The year has just begun, but many Washington families have already started planning activities for the year. Going on a family vacation while the kids are out of school is one way for families to spend time together. But, if you are divorced or separated, planning vacations can cause conflict between you and your child’s other parent.
As you create your parenting plan, it is important to account for possible vacations. Consider the following questions.
When can I take my child on vacation?
A vacation schedule is often an essential part of a parenting plan for child custody. The parenting plan may specify:
- Specific dates for each parent to take the children on vacation.
- Total number of vacation days per year for each parent to spend with the children.
- How much notice a parent must give before taking the children on vacation (typically 30 days).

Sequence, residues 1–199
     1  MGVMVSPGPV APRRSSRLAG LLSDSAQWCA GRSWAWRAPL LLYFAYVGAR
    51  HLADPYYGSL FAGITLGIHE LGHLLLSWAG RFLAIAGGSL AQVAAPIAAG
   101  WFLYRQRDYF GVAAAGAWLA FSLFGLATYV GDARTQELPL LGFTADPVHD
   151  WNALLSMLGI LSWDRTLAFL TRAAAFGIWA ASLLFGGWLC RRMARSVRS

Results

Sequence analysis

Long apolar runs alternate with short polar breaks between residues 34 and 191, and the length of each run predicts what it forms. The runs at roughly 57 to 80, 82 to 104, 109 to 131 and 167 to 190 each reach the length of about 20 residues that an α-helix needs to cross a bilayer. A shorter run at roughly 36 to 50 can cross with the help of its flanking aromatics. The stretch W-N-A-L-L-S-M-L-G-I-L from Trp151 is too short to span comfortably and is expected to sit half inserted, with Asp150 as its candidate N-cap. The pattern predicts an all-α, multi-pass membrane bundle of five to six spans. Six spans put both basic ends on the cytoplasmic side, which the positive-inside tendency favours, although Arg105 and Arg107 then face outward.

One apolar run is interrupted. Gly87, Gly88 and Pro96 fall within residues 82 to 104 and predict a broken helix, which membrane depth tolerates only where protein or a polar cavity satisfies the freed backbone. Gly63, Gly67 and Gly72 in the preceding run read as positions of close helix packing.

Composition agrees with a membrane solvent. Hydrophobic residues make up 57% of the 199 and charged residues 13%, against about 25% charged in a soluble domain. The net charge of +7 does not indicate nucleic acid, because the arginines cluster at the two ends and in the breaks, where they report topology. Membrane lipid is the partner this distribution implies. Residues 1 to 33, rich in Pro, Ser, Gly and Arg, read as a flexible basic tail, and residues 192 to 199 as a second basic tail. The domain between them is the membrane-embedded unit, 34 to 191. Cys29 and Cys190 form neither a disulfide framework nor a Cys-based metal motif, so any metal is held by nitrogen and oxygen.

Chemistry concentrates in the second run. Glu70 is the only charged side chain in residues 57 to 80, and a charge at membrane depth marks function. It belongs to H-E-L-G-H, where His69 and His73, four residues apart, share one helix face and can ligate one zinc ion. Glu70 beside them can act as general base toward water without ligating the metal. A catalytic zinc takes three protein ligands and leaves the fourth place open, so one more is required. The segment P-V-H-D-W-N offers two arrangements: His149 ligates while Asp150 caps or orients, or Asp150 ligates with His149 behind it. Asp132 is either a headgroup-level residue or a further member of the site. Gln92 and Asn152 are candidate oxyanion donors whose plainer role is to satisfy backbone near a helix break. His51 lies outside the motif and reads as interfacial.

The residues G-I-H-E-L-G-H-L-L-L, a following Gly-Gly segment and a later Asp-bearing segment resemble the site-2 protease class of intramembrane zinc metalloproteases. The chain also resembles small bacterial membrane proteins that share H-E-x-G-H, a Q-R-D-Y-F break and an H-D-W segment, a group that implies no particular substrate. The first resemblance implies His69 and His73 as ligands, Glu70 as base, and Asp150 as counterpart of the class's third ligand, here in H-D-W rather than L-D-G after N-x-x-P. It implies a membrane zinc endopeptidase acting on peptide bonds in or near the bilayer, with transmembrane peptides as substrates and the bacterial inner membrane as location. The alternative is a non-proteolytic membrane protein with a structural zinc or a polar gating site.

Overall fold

What are the limitations to these vacations?
In addition to scheduling vacation time, you can also put rules in place specifying the conditions of the vacations you and your ex can take. Some of these conditions may:
- Specify how often the parent can communicate with the child while the child is on vacation with the other parent.
- Specify which locations can or cannot be visited on vacation.
- Specify which activities can or cannot be done on vacation.
If you and your ex can come to an understanding regarding vacation time, you can avoid many disagreements. A family law attorney can help you figure out the best way to address vacation in your parenting plan.